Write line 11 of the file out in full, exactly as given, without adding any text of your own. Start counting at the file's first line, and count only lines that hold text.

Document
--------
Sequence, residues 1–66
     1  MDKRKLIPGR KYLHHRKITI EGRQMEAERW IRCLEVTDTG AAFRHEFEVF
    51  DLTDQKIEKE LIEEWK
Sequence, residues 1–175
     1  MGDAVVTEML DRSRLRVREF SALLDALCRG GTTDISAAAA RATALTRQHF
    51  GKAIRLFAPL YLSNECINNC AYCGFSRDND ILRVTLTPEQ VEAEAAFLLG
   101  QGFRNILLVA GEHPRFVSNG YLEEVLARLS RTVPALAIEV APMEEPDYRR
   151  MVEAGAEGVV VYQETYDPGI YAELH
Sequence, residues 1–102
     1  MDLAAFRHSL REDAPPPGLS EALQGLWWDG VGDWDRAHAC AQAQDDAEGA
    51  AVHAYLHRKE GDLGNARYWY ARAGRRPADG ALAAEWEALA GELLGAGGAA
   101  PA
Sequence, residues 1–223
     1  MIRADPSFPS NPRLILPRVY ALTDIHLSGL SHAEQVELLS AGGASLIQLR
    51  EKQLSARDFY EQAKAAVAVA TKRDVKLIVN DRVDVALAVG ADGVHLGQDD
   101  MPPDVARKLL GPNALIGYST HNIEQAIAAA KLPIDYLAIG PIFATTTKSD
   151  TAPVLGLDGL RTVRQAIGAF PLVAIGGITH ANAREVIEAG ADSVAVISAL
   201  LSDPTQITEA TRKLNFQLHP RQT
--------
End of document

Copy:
    51  AVHAYLHRKE GDLGNARYWY ARAGRRPADG ALAAEWEALA GELLGAGGAA